OOS 22-3 - Trade-offs between biofuel production, agricultural production, and conservation of biodiversity

Wednesday, August 8, 2012: 8:40 AM
A105, Oregon Convention Center
Kathrine D. Behrman1, James R. Kiniry1, Timothy H. Keitt2 and Thomas Juenger3, (1)Grassland, Soil, and Water Research Laboratory, USDA-ARS, Temple, TX, (2)Section of Integrative Biology, The University of Texas at Austin, Austin, TX, (3)Section of Integrative Biology, University of Texas at Austin, Austin, TX

Growing energy demands and concerns for climate change have pushed forward the time line for biofuel production. However, the effect of large-scale biofuel production in the U.S. on the agricultural industry, that is primarily responsible for food production and livestock feed, and on species diversity of many taxa (amphibians, birds, mammals, and reptiles) remains unclear. This study presents the first quantitative analysis of these trade-offs in the face of climate change. Switchgrass (Panicum virgatum L.) is a promising candidate for cellulosic feedstock production.  Current and future (2080-2090) switchgrass productivity was estimated across the central and eastern U.S. using ALMANAC, a mechanistic model that simulates plant growth over time.  Locations that minimize the impact on species diversity of all four taxa groups and minimize the proportion of agricultural and forested areas converted, while maximizing biomass production, were identified using a spatial optimization algorithm.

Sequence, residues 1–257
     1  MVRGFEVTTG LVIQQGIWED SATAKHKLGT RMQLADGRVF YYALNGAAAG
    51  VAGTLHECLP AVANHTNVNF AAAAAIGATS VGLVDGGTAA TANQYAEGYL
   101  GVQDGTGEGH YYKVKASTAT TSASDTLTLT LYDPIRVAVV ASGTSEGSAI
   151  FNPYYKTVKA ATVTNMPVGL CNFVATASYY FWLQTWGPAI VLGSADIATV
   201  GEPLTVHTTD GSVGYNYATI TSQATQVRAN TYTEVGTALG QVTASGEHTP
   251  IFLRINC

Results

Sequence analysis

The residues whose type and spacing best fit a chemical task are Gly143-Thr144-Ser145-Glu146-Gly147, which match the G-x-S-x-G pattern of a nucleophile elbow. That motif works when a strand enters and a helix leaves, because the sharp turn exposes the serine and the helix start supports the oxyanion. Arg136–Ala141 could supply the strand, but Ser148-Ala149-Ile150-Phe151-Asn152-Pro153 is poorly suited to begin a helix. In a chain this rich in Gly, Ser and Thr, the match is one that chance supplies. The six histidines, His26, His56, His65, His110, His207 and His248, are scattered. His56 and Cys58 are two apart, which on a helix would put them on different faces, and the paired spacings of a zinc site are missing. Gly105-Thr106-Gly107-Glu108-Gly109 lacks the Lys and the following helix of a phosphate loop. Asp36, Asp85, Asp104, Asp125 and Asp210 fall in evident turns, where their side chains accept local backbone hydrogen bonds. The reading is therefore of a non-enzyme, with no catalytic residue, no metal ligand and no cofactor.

Under current climate conditions, regions for switchgrass biomass production that have a small effect on agriculture and biodiversity are located primarily in Louisiana, southern Florida, Nebraska, and South Dakota.  By 2080-2090 under the SRES B2 and A2 scenarios, the only regions that still fulfill these conditions are located in Nebraska and South Dakota.  In order to minimize land conversion and loss of biodiversity, suitable areas for current and future climate change should be targeted for their long-term growth potential. The trade-offs between these three forces requires additional farmland (+25%) to meet biofuel production demands as opposed to planting regions with the highest predicted biomass potential. The regions selected for switchgrass production change dramatically when only considering the impact on either agriculture or biodiversity. Large-scale switchgrass production will impact the diversity of mammals and birds the most when conservation of biodiversity is not considered.  Biofuel production has many potential impacts.  This study provides a useful framework to analyze the effect of biofuel production on many other factors such as greenhouse gas emissions, soil erosion, nutrient loss, and water quality.